Doherty calls on Government to Push for Securing Designated Special Status for the North within the EU as Brexit Talks Officially Begin
Sinn Féin Finance Spokesperson Deputy Pearse Doherty has today renewed calls on the Government to commit to securing special designated status for the North within the EU as part of its stance ahead of Brexit negotiations which officially get underway today.
Speaking today, teachta Doherty said:
“Securing designated special status for the North and ensuring its continued membership within the EU is essential if we are to best guarantee future economic growth and job creation on this island.
“Should the six counties be forcibly removed from the European Union against the democratically expressed wishes of the people of the North then this will undoubtedly have a devastating impact on nearly every aspect of life both North and South.
“In terms of the economy, Brexit and the potential erection of a physical land border on the island will have major implications on business and trade here.
“And the idea of a return to customs checkpoints and the imposition of customs obligations for businesses involved in cross-border trade would be catastrophic for these companies and the some 2.3 million cross-border trips they make each year between North and South.
“What has become increasingly clear in recent years and what more and more highly acclaimed economists and academic researchers have been arguing is that the development of an all-island economy on this island makes strong economic sense and could have the potential to create jobs and grow business on both sides of the border.
“This is why, as the Brexit talks officially get underway today, I am again calling on the Government to adopt the securing of special designated status for the North within the EU the State’s official position on Brexit as part of these negotiations between Britain and the EU.
“Furthermore, I would again urge the Government to support the various proposals which Sinn Féin has called for and which we’ve included in our party’s Brexit document which we’ve entitled ‘How Ireland and the EU can fight the economic impact of Brexit north and south’, published a few weeks ago and in which we set out what we believe the economic priorities ought to be during these negotiations.
“Chief amongst our demands is securing Special status for the north within the EU to ensure continued access to the Single Market and the Customs Union and to maintain the North’s trading relationship with the rest of Ireland and the EU.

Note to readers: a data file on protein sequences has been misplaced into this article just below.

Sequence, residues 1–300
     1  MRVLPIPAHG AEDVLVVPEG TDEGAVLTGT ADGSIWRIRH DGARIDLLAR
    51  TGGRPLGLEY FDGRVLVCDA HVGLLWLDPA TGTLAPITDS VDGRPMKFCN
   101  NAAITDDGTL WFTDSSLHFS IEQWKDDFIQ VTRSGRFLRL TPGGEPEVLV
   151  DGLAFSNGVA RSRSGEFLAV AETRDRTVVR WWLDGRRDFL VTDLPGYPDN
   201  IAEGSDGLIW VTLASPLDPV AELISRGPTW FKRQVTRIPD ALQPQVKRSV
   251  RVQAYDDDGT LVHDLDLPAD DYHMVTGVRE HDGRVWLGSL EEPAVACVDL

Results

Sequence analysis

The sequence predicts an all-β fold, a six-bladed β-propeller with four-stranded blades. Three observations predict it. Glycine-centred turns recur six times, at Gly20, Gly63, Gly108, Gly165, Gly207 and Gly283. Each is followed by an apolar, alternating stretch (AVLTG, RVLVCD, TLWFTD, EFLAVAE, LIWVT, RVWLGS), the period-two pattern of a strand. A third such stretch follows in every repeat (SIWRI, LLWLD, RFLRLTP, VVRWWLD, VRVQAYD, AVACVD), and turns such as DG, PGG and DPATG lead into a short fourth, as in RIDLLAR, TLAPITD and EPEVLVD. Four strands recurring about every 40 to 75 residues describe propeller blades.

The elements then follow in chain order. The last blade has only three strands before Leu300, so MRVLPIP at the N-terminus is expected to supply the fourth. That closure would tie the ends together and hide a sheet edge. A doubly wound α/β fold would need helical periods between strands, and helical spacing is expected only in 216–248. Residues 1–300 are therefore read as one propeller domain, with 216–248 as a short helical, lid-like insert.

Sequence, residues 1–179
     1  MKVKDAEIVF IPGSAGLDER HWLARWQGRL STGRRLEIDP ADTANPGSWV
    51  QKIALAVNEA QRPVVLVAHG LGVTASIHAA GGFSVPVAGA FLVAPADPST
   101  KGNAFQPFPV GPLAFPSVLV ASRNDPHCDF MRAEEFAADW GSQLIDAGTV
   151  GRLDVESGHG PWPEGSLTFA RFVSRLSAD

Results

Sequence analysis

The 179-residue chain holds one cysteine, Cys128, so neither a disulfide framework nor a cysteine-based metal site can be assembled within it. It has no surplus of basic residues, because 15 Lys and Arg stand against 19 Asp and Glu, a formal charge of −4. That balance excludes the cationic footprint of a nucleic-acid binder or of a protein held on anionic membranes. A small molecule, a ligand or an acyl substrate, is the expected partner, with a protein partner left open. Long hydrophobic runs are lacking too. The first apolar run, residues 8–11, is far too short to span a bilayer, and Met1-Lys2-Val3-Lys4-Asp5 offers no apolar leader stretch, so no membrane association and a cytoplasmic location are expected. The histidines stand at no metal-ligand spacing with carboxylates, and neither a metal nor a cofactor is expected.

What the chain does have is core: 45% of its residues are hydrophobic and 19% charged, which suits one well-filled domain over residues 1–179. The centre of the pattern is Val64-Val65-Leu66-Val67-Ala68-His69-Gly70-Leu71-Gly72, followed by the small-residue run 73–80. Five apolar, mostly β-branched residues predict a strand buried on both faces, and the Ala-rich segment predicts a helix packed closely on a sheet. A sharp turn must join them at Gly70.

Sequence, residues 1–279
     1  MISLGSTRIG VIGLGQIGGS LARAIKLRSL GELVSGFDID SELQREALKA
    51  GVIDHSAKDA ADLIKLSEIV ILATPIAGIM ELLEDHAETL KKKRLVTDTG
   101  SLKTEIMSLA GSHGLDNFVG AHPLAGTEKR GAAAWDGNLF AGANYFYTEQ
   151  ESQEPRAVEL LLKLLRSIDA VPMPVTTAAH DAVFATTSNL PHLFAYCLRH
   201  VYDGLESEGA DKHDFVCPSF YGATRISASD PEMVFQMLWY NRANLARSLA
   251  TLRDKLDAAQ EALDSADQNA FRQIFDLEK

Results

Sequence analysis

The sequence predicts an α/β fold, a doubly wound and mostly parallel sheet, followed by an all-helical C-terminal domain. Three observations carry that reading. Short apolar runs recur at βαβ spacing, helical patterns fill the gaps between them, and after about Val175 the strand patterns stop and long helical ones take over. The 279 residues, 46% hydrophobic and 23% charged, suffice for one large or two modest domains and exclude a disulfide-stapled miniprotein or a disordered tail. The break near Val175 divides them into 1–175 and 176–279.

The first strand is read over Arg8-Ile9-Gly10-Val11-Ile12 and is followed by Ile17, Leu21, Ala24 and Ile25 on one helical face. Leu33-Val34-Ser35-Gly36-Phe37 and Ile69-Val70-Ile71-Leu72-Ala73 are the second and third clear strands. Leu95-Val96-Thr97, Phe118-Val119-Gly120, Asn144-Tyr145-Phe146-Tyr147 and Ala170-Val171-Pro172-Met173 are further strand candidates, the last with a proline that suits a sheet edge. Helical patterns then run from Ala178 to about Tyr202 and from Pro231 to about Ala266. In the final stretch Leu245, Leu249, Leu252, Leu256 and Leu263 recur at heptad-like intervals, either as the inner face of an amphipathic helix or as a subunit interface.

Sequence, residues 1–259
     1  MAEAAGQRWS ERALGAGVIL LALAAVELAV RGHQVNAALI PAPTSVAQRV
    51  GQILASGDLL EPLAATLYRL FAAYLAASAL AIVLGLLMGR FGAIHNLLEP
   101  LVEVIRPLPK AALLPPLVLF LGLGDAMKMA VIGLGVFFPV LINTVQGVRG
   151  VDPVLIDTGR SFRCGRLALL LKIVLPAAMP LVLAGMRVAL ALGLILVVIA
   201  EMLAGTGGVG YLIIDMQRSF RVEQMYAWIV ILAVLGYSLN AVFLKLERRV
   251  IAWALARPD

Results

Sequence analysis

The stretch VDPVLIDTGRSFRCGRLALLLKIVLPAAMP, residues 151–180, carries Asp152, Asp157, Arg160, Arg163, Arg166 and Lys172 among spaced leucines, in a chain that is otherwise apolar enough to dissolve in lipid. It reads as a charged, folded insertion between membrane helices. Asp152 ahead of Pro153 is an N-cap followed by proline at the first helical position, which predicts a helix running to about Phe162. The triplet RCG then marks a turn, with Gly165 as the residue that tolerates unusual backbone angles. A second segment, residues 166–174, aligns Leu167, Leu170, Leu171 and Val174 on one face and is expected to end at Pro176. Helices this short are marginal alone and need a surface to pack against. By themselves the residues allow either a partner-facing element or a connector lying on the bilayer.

“We’ve also called for a Trade Deal to be reached with Britain, while we’ve also highlighted the need to ensure that EU energy and Infrastructure programmes look at the needs of the island of Ireland as a whole going forward.
“Sinn Féin has also put forward a range of fiscal measures which we believe the Irish government should pursue in order to mitigate the disastrous impact of Brexit, including a temporary state-aid framework to allow scope for increased state-led investment, the leveraging of Structural Funds to allow north-south co-operation to be treated as a qualifying combination for inter-regional programmes post-Brexit, as well as the creation of a new Brexit Solidarity Fund for sectors and regions likely to be severely impacted by Brexit.
“I also note that as part of its key priorities for businesses as part of Brexit negotiations published in its recent Brexit document, IBEC too has called for a number of similar measures to help mitigate Brexit’s harmful effects, including the need to agree a temporary state aid framework, changes to how the European Globalisation Adjustment Fund operates, and increased spending on connective infrastructure.
“What’s critical now is for the Government to adopt an imaginative approach to the State’s response to Brexit and put forward sensible and creative solutions which will best serve our island as the Brexit negotiations commence.
“I believe that should the right approach and strategy be adopted, then much can be achieved for the island of Ireland as a whole.
“There is an appreciation at EU level for the unique challenges that Brexit poses for us here in Ireland and the Government must enter these negotiations with the sole intent of representing the interests of all of the Irish people.”